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Community Engagement Process

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Estimated reading time: 10 min

Mega Cat Studios


Community Engagement is all about connecting with our reviewers and players where they hang out—the “frontlines.” The vibe should be the same whether we’re chatting in the reviews section or on community discussion forums. It’s all about keeping our language, tone, and vocabulary consistent regardless of platform.

As of September 2023, Kei and Becka are diving deep into community engagement. Becka’s also rocking the lead role in the Marketing Department of Mega Cat Studios. Kei Casi, heading the engagement on Steam reviews, community discussions, and Xbox reviews for our games like WrestleQuest and Renfield: Bring Your Own Blood, crafted this guide to help us nail the engagement process.

Tasks and Expectations

When diving into community engagement, there’s a bunch of stuff to keep an eye on, analyze, and roll out. At first glance, these pieces might seem all over the place, but once you dive in, you’ll see how they all click together.

  • Monitor the Steam reviews and, by extension, the ratings.
  • Monitor the Steam community discussion forum.
  • Monitor the Steam miscellaneous tabs (artwork, etc.).
  • Write a response to Steam reviews and community discussions.
  • Monitor Xbox Partner Center reviews and, by extension, the ratings.
  • Write a response to Xbox Partner Center reviews.
  • Gather feedback, filter the relevant items, and relay to the team.
  • Organize the feedback in a sheet for later observation.
  • Return to players for updates from our team.

Things to Know

Jumping into community engagement? Great! Before diving into those reviews and forums, there’s a bit you should be clued up on. Sure, we could throw out a generic response, but that might be our one shot at grabbing a player’s attention. The right response can flip a negative review to a positive one or even turn a critic into a die-hard fan. Plus, who knows? We might just dodge those pesky hate comments across our channels.

So, ready for the lowdown?

  • A community engagement Cat should know the current status of our projects.
    • Stay in the loop about our project updates. You don’t need the whole playbook, but at least the highlight reel.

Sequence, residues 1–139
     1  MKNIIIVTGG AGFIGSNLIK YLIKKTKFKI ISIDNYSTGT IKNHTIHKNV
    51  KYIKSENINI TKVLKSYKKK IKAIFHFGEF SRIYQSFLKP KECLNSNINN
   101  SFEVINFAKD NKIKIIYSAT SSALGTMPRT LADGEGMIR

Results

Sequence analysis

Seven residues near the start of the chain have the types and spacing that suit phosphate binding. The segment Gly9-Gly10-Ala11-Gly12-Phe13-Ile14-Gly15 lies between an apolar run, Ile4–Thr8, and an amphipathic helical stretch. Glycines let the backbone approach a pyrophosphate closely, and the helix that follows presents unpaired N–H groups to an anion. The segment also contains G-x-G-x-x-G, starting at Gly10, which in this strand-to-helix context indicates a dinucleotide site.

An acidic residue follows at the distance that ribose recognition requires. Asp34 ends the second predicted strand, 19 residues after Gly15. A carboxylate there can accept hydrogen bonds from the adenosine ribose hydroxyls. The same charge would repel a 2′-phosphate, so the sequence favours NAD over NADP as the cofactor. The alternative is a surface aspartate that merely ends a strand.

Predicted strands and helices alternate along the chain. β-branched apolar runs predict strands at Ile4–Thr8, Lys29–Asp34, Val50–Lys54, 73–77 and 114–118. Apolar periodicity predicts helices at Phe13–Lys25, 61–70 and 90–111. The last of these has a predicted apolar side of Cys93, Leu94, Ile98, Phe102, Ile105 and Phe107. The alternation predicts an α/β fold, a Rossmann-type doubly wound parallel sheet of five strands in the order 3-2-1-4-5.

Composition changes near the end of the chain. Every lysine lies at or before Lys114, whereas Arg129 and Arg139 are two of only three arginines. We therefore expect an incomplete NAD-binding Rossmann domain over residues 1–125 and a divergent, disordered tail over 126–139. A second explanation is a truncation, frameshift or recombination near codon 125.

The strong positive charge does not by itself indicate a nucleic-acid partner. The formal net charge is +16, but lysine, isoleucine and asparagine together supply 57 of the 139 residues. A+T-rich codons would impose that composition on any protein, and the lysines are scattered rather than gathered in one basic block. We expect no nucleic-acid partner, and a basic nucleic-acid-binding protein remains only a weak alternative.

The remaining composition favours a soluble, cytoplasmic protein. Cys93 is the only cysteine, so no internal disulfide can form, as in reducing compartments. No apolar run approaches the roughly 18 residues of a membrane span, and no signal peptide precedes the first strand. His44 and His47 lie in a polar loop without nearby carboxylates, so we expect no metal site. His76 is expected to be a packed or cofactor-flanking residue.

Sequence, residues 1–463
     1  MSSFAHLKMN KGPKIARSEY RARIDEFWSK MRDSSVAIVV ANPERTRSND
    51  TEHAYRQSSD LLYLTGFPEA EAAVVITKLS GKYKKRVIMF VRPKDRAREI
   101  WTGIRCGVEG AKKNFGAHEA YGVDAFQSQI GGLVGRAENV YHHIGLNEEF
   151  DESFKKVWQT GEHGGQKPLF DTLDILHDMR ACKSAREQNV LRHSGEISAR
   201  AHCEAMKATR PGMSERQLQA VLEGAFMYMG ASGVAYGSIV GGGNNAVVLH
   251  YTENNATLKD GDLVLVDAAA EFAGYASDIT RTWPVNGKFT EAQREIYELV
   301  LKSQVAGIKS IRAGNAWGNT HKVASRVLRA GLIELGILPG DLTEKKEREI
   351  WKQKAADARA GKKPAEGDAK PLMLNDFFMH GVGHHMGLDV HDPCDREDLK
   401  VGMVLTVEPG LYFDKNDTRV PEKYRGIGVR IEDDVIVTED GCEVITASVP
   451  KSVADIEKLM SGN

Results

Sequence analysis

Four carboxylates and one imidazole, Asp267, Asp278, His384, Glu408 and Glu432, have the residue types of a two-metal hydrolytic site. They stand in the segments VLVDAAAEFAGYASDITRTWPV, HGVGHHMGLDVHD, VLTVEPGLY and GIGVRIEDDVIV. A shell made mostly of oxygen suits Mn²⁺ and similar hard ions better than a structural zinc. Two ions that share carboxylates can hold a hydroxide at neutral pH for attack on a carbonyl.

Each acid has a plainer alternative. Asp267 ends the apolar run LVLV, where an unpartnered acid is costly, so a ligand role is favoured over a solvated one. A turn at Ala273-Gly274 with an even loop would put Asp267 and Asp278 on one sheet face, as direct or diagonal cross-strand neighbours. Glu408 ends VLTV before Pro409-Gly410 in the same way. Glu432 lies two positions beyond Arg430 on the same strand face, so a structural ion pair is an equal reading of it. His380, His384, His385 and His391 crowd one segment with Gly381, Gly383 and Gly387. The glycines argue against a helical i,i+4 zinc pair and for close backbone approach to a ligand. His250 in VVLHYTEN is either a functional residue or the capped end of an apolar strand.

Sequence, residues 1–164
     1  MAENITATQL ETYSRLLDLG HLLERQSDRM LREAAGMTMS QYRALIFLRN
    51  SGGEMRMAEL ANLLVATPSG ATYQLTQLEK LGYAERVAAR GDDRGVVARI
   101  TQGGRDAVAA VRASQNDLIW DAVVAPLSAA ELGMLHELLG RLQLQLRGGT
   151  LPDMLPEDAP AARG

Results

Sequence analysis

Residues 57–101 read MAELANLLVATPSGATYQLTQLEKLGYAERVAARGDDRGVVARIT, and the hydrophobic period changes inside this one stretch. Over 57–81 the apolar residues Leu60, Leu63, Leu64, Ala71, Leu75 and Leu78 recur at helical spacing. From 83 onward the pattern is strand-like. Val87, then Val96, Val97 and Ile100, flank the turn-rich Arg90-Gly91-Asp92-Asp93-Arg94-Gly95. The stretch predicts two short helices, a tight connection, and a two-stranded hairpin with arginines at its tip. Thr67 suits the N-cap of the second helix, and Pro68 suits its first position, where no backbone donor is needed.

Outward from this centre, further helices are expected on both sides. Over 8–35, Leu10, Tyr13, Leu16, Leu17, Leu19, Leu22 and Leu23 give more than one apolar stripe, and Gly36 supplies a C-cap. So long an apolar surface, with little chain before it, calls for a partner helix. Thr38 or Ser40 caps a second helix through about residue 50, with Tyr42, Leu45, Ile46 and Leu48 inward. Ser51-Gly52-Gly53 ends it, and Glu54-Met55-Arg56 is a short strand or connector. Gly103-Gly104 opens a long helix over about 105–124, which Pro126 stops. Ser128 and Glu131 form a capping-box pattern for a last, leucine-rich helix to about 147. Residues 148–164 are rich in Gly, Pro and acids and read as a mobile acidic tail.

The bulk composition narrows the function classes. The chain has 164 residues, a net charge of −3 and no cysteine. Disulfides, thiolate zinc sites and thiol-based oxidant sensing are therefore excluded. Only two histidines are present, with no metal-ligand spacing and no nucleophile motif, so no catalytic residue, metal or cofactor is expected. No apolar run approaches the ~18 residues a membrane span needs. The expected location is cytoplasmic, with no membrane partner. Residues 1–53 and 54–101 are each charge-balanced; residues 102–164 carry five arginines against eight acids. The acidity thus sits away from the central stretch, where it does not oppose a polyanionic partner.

• Make the Project and Associate Producers your new best friends. They’ll be your main sources of info. Oh, and occasionally, you might sync up with a dev about those pesky bugs.
    • Pro tip: Always circle back to the producers for the 411 on where a project is headed. They might drop hints about what’s coming up, which you can sprinkle into your replies.
  • Every community engagement Cat should read, at least once, one of the most important guides to responding to negative reviews: Indie Game Joe’s The Ultimate Guide—How to Respond to Negative Reviews on Steam and Why Customer Relations is Important.
  • Got some cool pointers from James and Zack for our community engagement Cats:
    • Your posts? Make them real, chatty, and straight-up.
    • Skip the apologies. Instead, thank ‘em for hanging tight.
    • Be humble and relatable. Tone down the self-praise, and stay away from making things sound more complex than they are. Seen the Steam forums? Pretty laid back, right? So, instead of saying, “We aim to offer top-notch gaming experiences,” how about “We just love making fun games for you”?
    • Check this response style: “Hey FollowCondex, noticed the Argentinian pricing issue you mentioned. I’m on it. If you’re keen on more updates or feedback, hop into our Discord (link). I’ll keep you posted on the pricing fix!”
    • Don’t overdo the apologies. If feedback says, “The game’s confusing,” hit back with, “We’ve jazzed up the tutorials and UI. Should be a breeze now!” Keep it positive and forward-looking. That’s some advice from Manko!
    • And hey, remember what Zack said:
  • Embrace feedback and corrections; they’re stepping stones, not setbacks.
    • Remember, you did not create the English language, and you’ll most likely make a mistake or two. If you have English as your second language, it’s an even higher order. Be kind to yourself and accept the things you fall short of.
    • Stuck on wording? James, Zack, and Dan are here to help. Remember, chat English is different from textbook English, so don’t hesitate to tap into their expertise.
    • Let’s connect with our players. Answer with confidence, listen keenly, and always bring that friendly touch!
  • Finally, read this fantastic excerpt from Steam itself about participating in the discussions. It also expresses the topics on what you can or cannot reply to.

Things to Have

Awesome! Now that you’ve got the hang of the tone for reviews and threads, remember there are a few tools out there to help you respond. Each has its own pros and cons, but let’s be real: a personal touch in a message just can’t be replicated by any tool.

  • Grammarly
    • Grammarly is a game-changer, not just for responding to comments and reviews but also for general team communication. The basic, free version might do the trick if you’re pretty solid with your English. But I’d give Grammarly Premium a go. It doesn’t just fix grammar; it tweaks the tone and offers clearer rephrasing. Just remember, while it’s great how you say things, it can’t grasp the context or the why behind what you’re discussing.
  • ChatGPT3 or 4